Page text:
When our dogs come into our Training Centre at 12-14 months old to start formal training, some dogs find the adjustment to kennel-life challenging.
To give our dogs the best chance of success, we have a team of Temporary Boarding Volunteers who live or work within the local area of our Training Centre on Model Farm Road in Cork. These Volunteers drop the dogs off for ‘school’ in the morning at our Training Centre and collect them at the end of the day.
Under the direction of our Training team, Volunteers mind the dogs in their own homes during evenings and weekends. Temporary Boarders can have an individual dog from one week to six months. Opportunities are available in Cork.
Our Temporary Boarding Volunteers live locally to our Training Centre and provide evening and weekend homes to our dogs that are completing their Guide or Assistance Dog Training.
From time to time, dogs may need a boarding home to cover a holiday or hospital stay for their regular owner. As a Temporary Boarder you would drop the dog off at our Training Centre every morning and collect the dog in the evening – we refer to it as the school run!
What is great about this particular Volunteer role is that because the dog is “at school” during the day it really suits people who work. The length of time the Volunteer boards the dog can vary: it may be for a few weeks or it could be for the duration of the dog’s training (6 months).
Where can I volunteer in this role?
Living close enough to the Training Centre on Model Farm Road in Cork to drop the dog off for training in the morning and collect the dog in the evening.
What support will I get?
Every month we hold workshops for potential new recruits into our Temporary Boarding team of Volunteers. Once you have completed your training workshop, we provide ongoing support from our Temporary Boarding Officer and the dog’s Trainer.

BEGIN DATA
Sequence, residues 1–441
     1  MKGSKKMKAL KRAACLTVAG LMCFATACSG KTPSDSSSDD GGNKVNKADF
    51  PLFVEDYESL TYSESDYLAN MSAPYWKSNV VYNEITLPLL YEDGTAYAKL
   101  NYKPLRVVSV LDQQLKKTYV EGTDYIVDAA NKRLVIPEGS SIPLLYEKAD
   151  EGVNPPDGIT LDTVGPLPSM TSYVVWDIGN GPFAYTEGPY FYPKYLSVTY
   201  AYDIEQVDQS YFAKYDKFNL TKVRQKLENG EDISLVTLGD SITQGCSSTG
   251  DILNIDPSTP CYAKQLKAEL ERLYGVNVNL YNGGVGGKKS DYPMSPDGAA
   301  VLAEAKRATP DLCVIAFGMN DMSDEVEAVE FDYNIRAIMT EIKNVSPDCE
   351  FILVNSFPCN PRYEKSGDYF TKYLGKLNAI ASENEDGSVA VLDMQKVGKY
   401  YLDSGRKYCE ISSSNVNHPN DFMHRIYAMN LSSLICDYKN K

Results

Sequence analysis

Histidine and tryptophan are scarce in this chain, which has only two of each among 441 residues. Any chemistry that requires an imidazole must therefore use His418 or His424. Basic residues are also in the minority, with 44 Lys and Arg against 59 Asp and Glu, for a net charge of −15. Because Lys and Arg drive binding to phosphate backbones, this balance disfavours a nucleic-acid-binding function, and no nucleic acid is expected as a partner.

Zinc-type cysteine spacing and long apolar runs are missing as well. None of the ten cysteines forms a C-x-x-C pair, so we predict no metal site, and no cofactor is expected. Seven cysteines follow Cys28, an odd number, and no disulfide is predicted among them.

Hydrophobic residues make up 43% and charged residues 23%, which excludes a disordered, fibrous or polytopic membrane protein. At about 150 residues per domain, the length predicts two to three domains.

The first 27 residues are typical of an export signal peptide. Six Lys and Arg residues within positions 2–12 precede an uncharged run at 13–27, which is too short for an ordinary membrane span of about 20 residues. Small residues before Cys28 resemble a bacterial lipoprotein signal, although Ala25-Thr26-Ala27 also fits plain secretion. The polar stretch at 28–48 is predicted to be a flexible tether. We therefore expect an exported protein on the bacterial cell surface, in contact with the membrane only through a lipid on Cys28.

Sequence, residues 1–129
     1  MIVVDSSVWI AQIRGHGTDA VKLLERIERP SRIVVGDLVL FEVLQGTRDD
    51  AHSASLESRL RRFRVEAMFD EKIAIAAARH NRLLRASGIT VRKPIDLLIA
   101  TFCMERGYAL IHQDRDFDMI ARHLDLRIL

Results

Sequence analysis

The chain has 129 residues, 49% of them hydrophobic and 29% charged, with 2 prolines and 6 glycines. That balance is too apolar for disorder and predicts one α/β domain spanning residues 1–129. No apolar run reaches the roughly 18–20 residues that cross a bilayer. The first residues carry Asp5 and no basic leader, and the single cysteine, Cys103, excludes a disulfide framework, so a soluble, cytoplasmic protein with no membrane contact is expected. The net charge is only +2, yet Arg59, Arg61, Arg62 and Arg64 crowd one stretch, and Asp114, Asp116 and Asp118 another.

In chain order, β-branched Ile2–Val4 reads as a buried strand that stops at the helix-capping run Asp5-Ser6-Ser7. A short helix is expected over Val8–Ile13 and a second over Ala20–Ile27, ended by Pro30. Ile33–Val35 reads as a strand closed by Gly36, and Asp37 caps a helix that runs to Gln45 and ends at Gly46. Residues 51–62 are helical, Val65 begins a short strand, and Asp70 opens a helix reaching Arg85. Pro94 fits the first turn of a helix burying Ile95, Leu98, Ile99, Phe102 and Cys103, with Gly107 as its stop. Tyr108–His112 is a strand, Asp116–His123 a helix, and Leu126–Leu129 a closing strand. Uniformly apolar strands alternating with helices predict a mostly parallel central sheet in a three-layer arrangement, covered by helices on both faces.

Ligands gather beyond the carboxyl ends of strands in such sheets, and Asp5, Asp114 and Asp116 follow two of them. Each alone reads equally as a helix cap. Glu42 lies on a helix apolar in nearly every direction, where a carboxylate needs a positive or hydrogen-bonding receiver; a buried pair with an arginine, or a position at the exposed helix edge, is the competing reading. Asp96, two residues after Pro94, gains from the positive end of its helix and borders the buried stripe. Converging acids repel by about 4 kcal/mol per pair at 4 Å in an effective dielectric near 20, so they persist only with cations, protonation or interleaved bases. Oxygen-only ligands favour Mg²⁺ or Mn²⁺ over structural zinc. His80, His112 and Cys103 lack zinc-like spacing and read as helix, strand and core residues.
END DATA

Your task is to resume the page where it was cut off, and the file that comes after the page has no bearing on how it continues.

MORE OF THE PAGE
What are the benefits?
- Be part of the Breeding Programme for Irish Guide Dogs for the Blind
- Be part of a dynamic organisation and meet new people
- Make a difference to an important charity and the work we do changing lives of those who are vision impaired and the families of children with autism
- Share a home with a wonderful dog
How do I apply?
Please complete the Volunteer Application Form and our Temporary Boarding Officer will contact you shortly to discuss the options in more detail.
If you would like to talk to one of our team, please call 1850 506 300 or email firstname.lastname@example.org
We would be happy to welcome you to the Centre for a look around, a cup of tea and a chat.
“We had wanted a dog for a while but felt that it wouldn’t be fair to have a dog who was home alone most of the time with our work schedules. The kind of dog we wanted, a big dog, would need lots of exercise, and during the week and it would be hard for us to meet those needs.
“We found out about ‘temporary homing’ dogs for the Irish Guide Dogs for the Blind through a friend. It sounded like something we might be interested in, so I got in touch to find out more. After learning about some of the requirements (having an enclosed back-garden, reinforcing some of their training, etc) and the services offered it sounded like a good deal.
“We’ve had 5 dogs over the past 10 months. Depending on the stage of their training, each dog stays a different amount of time, so far for us the shortest stay being 2 weeks and the longest being 7 months. The first few days are about getting to know one another, teaching the dog the ‘rules of the house’ and reassuring them.
“They tend to settle into routine fairly quickly and just want to play, be petted and snuggle. Dropping and collecting the dogs each day at HQ is an extra step in our regular routines but very rarely has it been problematic, and the kennel staff are all very friendly and accommodating.
“It’s been special knowing we have been a part of helping someone’s everyday life be easier by helping these dogs through their training. We get the benefit of having the company of the dog and the entertainment of playing with them. I’ve found it very relaxing having a dog around.
“The hardest part is ‘giving’ them back at the end of their time with you, but you know it is for a good reason and that they are going on to do amazing work, so that takes the sting out a bit! Plus there is always another one waiting to come home with you for that extra love and attention.”